As Derek Chauvin Is Found Guilty, Minnesota Bishops Call for Prayer and Civility

The state’s bishops released a statement on Tuesday afternoon before the verdict was announced, asking for civility, prayer and justice, and calling for an end to racism.

People react after the verdict is read in the trial of former Minneapolis police officer Derek Chauvin outside Hennepin County Government Center in Minneapolis April 20. Chauvin, who knelt on George Floyd's neck for more than nine minutes last May, was convicted of second-degree murder.
People react after the verdict is read in the trial of former Minneapolis police officer Derek Chauvin outside Hennepin County Government Center in Minneapolis April 20. Chauvin, who knelt on George Floyd's neck for more than nine minutes last May, was convicted of second-degree murder. (photo: Bloomberg / Getty)

MINNEAPOLIS — Minnesota bishops called for prayer and civility just before a jury on Tuesday found former Minneapolis police officer Derek Chauvin guilty on three charges in the killing of George Floyd. 

After deliberating on Monday evening and Tuesday, the jury determined that Chauvin was guilty of unintentional second-degree murder, third-degree murder and second-degree manslaughter. Chauvin's trial began on March 8.

The state’s bishops released a statement on Tuesday afternoon before the verdict was announced, asking for civility, prayer and justice, and calling for an end to racism.

“The Catholic Church in Minnesota invites all people of faith to come together to speak with one another in a civil and charitable manner. Let us pray with one another and for one another,” read a statement by Archbishop Bernard Hebda of St. Paul and Minneapolis and the bishops of the five other dioceses in the state.

“Let us respect one another as children of God, created in his image. Let us collectively confess the truth and recognize that we urgently need each other now to get out of these cycles of fear and violence,” the bishops stated. “There are no victims and no oppressors in the Kingdom of God. For our children’s sake, let us embrace our true identity, without waiting another day.”

“There is far too much evidence that prejudice has an impact in criminal-justice matters, influencing not only the way individuals are treated by some police and court systems but also the rates of incarceration. Whatever the verdict may be in the Chauvin trial, the Church remains committed to providing long-term leadership in eradicating structures of sin and racism in Minnesota and beyond.”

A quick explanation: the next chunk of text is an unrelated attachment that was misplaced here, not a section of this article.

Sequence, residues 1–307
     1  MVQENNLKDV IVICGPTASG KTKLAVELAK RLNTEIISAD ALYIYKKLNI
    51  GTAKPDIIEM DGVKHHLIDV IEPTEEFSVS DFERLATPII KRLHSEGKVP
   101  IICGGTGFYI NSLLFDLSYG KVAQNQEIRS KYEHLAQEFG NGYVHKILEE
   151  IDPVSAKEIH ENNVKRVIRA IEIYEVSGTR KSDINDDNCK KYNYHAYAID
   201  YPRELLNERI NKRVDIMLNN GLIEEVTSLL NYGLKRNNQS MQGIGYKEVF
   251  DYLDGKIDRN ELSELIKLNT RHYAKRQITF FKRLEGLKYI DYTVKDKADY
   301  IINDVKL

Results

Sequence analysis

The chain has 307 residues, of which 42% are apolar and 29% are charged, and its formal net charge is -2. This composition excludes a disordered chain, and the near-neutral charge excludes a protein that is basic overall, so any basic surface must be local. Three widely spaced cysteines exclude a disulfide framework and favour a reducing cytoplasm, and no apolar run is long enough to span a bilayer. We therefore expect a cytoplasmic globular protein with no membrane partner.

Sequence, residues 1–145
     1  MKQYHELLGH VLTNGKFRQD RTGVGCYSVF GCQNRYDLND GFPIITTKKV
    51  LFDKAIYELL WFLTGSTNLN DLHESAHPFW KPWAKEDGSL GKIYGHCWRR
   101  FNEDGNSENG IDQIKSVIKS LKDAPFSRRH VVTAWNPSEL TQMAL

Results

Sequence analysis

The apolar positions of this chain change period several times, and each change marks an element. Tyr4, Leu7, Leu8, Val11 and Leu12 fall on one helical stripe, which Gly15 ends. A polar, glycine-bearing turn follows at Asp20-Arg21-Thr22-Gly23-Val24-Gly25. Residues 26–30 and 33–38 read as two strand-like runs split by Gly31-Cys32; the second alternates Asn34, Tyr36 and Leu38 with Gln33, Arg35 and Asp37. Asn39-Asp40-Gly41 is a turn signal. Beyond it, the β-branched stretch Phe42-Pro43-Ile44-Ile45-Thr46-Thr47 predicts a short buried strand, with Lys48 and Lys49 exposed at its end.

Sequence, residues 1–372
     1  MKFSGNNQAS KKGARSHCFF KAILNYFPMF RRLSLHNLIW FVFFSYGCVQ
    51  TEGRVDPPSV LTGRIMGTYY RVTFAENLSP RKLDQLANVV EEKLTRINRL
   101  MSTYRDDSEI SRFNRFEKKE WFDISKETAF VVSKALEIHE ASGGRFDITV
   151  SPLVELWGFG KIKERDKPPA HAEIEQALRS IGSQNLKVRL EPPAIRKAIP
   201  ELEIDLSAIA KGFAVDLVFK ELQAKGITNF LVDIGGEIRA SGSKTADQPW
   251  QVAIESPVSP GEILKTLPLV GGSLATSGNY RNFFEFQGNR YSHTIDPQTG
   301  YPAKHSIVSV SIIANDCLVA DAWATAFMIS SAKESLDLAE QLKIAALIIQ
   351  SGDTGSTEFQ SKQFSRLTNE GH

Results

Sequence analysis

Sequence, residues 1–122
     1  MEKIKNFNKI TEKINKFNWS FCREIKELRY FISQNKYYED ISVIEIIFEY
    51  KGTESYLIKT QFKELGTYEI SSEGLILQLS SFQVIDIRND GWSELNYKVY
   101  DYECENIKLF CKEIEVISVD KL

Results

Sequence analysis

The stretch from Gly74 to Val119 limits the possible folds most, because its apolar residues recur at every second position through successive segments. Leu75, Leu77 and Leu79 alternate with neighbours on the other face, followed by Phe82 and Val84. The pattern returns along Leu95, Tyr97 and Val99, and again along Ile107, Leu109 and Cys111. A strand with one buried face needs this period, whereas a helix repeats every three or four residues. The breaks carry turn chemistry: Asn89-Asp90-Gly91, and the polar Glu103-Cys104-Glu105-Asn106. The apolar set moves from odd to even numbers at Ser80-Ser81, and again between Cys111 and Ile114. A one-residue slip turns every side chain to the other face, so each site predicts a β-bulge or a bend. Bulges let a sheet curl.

Chauvin was charged in the death of George Floyd, a 46-year-old Black man, on May 25, 2020; Chauvin restrained Floyd and held him in custody.

Video footage from bystanders showed Chauvin kneeling on Floyd’s neck for nearly nine minutes as Floyd audibly gasped, moaned and complained he could not breathe. Toward the end of the video, Floyd appeared unconscious. After an ambulance arrived and transported Floyd to a nearby hospital, he was pronounced dead.

Chauvin was arrested on May 29 and charged with third-degree murder and manslaughter. Prosecutors later upgraded the charges to second-degree unintentional murder. The four officers who were involved in the attempted arrest, including Chauvin, were eventually fired by the Minneapolis Police Department.

After Floyd's death, widespread protests, rallies and riots ensued throughout the country and the world, highlighting police brutality and racism. Pope Francis on June 3 prayed for Floyd’s soul and asked for the intercession of Our Lady of Guadalupe for peace and justice.

 “We cannot tolerate or turn a blind eye to racism and exclusion in any form and yet claim to defend the sacredness of every human life. At the same time, we have to recognize that the violence of recent nights is self-destructive and self-defeating. Nothing is gained by violence, and so much is lost,” the Pope said amid widespread protests and riots in the United States.

The state’s bishops cited the U.S. bishops’ 2018 pastoral letter on racism, as they called for Catholics to work for peace and justice.

“As the U.S. bishops noted in a 2018 pastoral letter on racism, ‘Open Wide Our Hearts: The Enduring Call to Love,’ it is a sad and undeniable truth that racial prejudice and discrimination continue to impact the lives and livelihoods of millions of U.S. citizens,” the bishops stated.

“There is far too much evidence that prejudice has an impact in criminal-justice matters, influencing not only the way individuals are treated by some police and court systems but also the rates of incarceration,” they said.

Bishop Michael Fisher of Buffalo, New York, also issued a statement on Tuesday afternoon, after the jury’s verdict was announced: “Today’s verdict of accountability in the tragic killing of George Floyd is an important step in healing the deep wounds of racial tension caused by his senseless killing.” 

This story was updated on April 20 to include new information.

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